Since at these small angles there is practically no difference between the angle and its tangent, linear length of the spike maxima is approximately 2λƒ/w, with ƒ being the mirror focal length; substituting the vane width w in terms of the aperture diameter as w=ςD gives the linear spike length as ~2λF/ς, F being the telescope focal ratio.

As the two insets on the bottom of FIG. 109 show, it is possible to reduce diffraction effect of a spider vane by replacing a single vane with two or more parallel vanes. Multiple vane replaces a single central maxima of a single vane with multiple subsiding maximas covering nearly identical width angularly. Intensity of the central maxima is proportional to the combined vane area, thus for the reduction in energy transferred from the Airy disc, such multiple vane would need to have unit vanes of lesser width than a single vane it would replace.

Curved vane spider

The intense spike produced by a straight vane on the bright stars and planets can be visually eliminated by curving the vanes. The result is a curved vane spider. Diffraction effect of a curved vane can be illustrated by breaking it into a number of smaller, practically straight sections, with varying orientations (FIG. 110a). While the total amount of energy produced by a curved vane is identical to that of a straight vane of equal length and thickness, it is spread out wide, making it practically invisible (it still lowers the contrast the same, on average).

The peak diffraction intensity degradation factor is somewhat different from that for the straight vanes (Eq. 65):

with α=180/N being the vane arch angle in degrees. However, the result is only slightly lower for given count (N) and relative thickness (τ) of the vanes, reflecting the slightly greater curved vane length.


FIGURE 110: Diffraction effect of a curved spider vane: (a) Each practically straight vane section produces an effective slit at the aperture, which projects its diffraction pattern onto the main pattern (bottom). The patterns of the individual sections are wider, due to their reduced length, but their extension is unchanged (it only varies with the vane width). The orientation of each of these patterns (1,2,3 and 4) is orthogonal to that of the vane section, with the total angle of pattern spread being approximately that of the radial angle of the vane arch α (centered on its radius of curvature). Note that the actual effectively straight sections of a curved vane are shorter than those shown on the illustration, and the pattern spread is continuous within the spread angle. To spread the energy as much as possible - over 360° angle - and, at the same time, avoid overlapping, the vanes need to be appropriately curved and positioned. The simple rule is that a spider with N vanes needs to have 180/N vane arch angle (in degrees), with every next vane separated radially either by the same (180/N degrees) angle, or by (180/N)+180 degrees angle, whichever is mechanically superior (to which side the vane is curved is irrelevant). Thus, a 4-vane spider (b) requires α=45°, and either 45° or 225° between the vanes (B' and C' are alternative positions for better stability, with the D vane preferably rotated length-wise). For a 3-vane curved spider (c), the arch angle is 60°, with the second vane separated from the first one by either 60° or 240°, and the third vane by as much from the second vane, clockwise; B' is the alternative B vane position. A 2-vane curved spider (d) needs 90° arch angle, with the second vane at either 90° or 270° from the first one (B' are alternative positions for the second vane). A single curved vane (e) would require 180° vane arch; hence more stable, circular form would double the energy spread out, which still would be at the level of a 2-vane spider.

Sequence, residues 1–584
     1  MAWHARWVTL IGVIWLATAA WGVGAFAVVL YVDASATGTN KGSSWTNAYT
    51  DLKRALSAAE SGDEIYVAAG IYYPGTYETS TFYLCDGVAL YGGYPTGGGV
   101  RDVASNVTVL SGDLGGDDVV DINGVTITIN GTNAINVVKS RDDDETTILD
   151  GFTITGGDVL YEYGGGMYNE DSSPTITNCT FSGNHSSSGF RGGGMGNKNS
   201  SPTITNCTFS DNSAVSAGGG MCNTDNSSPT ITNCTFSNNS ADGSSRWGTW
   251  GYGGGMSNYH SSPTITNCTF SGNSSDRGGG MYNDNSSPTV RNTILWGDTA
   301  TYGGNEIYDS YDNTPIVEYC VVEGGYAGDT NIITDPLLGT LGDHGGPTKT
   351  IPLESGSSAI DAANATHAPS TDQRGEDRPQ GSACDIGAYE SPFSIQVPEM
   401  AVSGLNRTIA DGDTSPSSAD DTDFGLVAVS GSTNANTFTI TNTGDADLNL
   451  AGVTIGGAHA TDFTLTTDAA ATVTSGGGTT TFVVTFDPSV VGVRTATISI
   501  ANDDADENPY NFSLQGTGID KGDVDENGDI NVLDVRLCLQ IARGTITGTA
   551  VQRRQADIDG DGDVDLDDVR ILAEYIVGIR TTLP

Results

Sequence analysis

Using the same concept of inverse aperture, the actual energy distribution of a curved vane can be simulated. It is shown, for comparison, with those for the straight vane, and for a significantly wider vane with one straight and one curved side (note that the patterns are in their actual orientation vs. aperures-vanes). These energy distribution patterns are deducted from the diffraction distribution of the clear aperture, changing its appearance. The full arc of the curved vane-aperture is 90 degrees, but the angle of energy spread is only about 60 degrees, or little more. Three vanes of this shape, properly positioned, would spread their energu in a nearly continuous radial pattern, eliminating spikes (even a single curved vane would probably make it invisible). This vane still produces an elongated central maxima, but some 15 times shorter than a straight vane of the same thickness, thus much less pronounced.

The middle vane shape illustrates that curving and "styling" the vane shape has little influence on their diffraction effect; in general, the inverse energy they are throwing onto the main diffraction pattern will be determined by their relative size in its quantity, and by their shape - approximately - in its shape. A vane like this (it would make little difference if both sides were curved) would produce significantly shorter spike than a thin straight vane, similar to the straight vane of similar thickness. It is still well over twice longer than the curved vane spike, and with much more energy - proportional to its area - transferred out of the Airy disc. There is no shape that will magically take vane diffraction away.

                                                 
7.1.1. Telescope central obstruction: size criteria   ▐    7.3. Apodizing mask